The auction’s title, Icons of Glamour & Style, describes the direction followed by collector Leon Constantiner. As a student, he had specialised in communications, photography and television, while following in a family tradition of regular viewing of pre-auction exhibitions across many artistic fields. His epiphany was provoked by a Helmut Newton work he chanced upon in one such preview nearly three decades ago.
One purchase led to others — many others — as he discovered and explored the work of the great fashion and style photographers of the post-war decades, a golden age defined by such luminaries as Newton, Richard Avedon and Irving Penn, Norman Parkinson and William Klein; and their successors, who include Chris von Wangenheim, Hans Feurer, Peter Lindbergh and Herb Ritts. All these and more feature in the auction.
The collection tells several stories, referencing great icons of the screen, notably Audrey Hepburn and Marilyn Monroe, embracing images by Andy Warhol and Hiroshi Sugimoto of New York, Constantiner’s home city of the past 30 years, and reflecting his support of young contemporary Israeli photographers. But the dominant theme is the evolving face of fashion and styled beauty.
Constantiner recognised that fine prints by the masters of the genre deserved a significant place in the history of photography. His view has been validated in the exhibition and collecting programmes of major international museums, including the Metropolitan Museum of Art in New York, the Victoria and Albert Museum in London, and most recently the Getty Museum of Art in Los Angeles, with its exhibition Icons of Style.
The Constantiner collection reveals that these leading editorial photographers are true artists with strong individual perspectives. While fulfilling time-specific commissions, they created images that transcend their era. Their pictures document the vision of brilliant designers such as Cristóbal Balenciaga, Christian Dior, Hubert de Givenchy, and Yves Saint Laurent, through the grace of the great models — from the haughty beauties of the 1950s to the supermodels of the 1980s.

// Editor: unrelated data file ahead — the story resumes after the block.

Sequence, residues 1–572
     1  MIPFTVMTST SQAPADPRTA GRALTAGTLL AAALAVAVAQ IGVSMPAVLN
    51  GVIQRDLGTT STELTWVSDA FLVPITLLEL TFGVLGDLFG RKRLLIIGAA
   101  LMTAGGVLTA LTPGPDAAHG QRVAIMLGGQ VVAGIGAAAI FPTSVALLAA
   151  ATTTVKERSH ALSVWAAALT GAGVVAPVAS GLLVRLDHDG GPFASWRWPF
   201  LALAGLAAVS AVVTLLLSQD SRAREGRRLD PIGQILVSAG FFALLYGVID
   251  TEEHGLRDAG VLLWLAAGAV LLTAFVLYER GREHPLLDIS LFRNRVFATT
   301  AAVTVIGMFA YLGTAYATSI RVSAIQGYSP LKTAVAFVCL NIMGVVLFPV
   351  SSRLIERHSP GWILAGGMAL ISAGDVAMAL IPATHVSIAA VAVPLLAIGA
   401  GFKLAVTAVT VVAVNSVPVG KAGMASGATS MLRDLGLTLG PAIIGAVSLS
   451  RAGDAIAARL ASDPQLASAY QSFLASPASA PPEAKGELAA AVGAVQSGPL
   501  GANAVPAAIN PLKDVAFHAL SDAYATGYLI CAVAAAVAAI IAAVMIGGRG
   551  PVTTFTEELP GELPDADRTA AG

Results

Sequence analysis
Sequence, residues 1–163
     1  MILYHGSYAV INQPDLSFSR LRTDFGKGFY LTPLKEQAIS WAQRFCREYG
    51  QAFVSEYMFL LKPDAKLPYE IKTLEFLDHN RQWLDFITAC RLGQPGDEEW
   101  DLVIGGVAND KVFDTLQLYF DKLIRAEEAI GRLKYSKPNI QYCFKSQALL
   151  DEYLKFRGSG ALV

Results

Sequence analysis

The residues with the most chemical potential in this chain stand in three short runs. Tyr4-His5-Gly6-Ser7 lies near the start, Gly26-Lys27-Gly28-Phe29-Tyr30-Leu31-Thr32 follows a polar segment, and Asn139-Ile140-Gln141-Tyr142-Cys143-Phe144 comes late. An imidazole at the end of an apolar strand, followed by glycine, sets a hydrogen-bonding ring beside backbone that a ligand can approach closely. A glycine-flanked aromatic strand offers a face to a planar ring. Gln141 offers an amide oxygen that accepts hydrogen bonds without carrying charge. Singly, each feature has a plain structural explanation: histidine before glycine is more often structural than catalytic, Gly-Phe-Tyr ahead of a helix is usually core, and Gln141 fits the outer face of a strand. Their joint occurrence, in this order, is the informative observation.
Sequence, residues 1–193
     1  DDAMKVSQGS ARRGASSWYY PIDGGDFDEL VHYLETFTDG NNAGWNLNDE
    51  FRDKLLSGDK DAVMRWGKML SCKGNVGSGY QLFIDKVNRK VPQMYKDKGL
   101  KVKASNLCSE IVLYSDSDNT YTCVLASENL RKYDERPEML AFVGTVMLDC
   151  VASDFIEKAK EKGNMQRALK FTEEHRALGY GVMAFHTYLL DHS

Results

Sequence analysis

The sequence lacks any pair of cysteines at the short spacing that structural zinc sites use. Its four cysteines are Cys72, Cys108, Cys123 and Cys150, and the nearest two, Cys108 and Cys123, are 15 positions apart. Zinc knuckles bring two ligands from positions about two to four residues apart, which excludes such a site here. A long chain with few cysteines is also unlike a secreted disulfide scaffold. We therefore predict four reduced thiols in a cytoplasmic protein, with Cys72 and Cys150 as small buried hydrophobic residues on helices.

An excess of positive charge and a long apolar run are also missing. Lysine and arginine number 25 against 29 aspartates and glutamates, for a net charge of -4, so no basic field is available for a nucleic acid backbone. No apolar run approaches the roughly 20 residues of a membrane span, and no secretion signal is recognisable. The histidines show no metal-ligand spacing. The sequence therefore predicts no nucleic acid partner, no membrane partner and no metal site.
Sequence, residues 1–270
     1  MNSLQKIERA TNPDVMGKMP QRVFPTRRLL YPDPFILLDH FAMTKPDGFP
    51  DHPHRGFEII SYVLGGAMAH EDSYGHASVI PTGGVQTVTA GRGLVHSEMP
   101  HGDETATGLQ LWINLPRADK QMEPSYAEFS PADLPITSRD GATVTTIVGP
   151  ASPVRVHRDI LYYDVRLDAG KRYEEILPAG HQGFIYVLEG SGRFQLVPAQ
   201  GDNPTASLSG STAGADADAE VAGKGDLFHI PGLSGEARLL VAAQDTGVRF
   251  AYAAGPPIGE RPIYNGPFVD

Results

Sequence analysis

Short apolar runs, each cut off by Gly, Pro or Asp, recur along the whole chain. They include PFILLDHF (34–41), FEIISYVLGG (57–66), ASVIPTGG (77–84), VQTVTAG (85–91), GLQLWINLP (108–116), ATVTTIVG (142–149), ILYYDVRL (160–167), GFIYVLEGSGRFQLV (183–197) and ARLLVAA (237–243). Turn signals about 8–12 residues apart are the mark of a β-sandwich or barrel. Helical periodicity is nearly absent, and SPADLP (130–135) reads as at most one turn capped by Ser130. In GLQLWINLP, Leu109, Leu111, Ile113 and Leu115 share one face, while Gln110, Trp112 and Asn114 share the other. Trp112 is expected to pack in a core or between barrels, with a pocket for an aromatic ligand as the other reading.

Among the many delights within the collection is a large-format print of Richard Avedon’s celebrated Dovima with Elephants from 1955 when the photographer was at the peak of his creativity. He had been covering the Paris collections for Harper’s Bazaar since 1947, the year of Dior’s ‘New Look’, a key moment in the post-war renaissance of Paris haute couture. In this iconic photograph — which exudes such energy, elegance and glamour — American model Dovima poses extravagantly in a Paris circus in a gorgeous evening dress from the house of Dior, which was designed by Dior’s brilliant young apprentice, Yves Saint Laurent.
Yves Saint Laurent reappears in an equally iconic image by Helmut Newton made 20 years later, by which time the couturier was well established with his own couture house. Newton, a Berliner who had made Paris his home, viewed the city, like Avedon, with the intense curiosity of the outsider. He favoured authentic locations over the studio and loved the atmosphere of the city at night.
The collection contains a fine print of surely his most famous — and characteristically subversive — nocturnal picture. Shot on the rue Aubriot where Newton lived, it depicts two models: one, stylishly androgynous with slicked down hair, wears a sharply tailored trouser suit by Yves Saint Laurent; the other is naked but for high heels and a hat by Paulette.
This remarkable collection boasts an exceptional selection of prints by Irving Penn, led by his dramatic Harlequin Dress and Woman in Moroccan Palace, and including masterful studies of Paris couture, from 1950 designs by Balenciaga to a 1994 feather mask by Karl Lagerfeld for Chanel.
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Through these and a wealth of other images, we are invited to appreciate the delicious artifice of fashion and glamour, as presented by successive generations of epoch-defining beauties in the frozen moments captured forever — and so seductively — by the great photographic masters.